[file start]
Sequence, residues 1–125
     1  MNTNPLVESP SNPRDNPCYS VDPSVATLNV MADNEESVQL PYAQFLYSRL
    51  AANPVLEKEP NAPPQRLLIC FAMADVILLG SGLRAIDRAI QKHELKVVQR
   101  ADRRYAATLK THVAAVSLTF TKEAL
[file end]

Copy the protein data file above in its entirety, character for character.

Sequence, residues 1–125
     1  MNTNPLVESP SNPRDNPCYS VDPSVATLNV MADNEESVQL PYAQFLYSRL
    51  AANPVLEKEP NAPPQRLLIC FAMADVILLG SGLRAIDRAI QKHELKVVQR
   101  ADRRYAATLK THVAAVSLTF TKEAL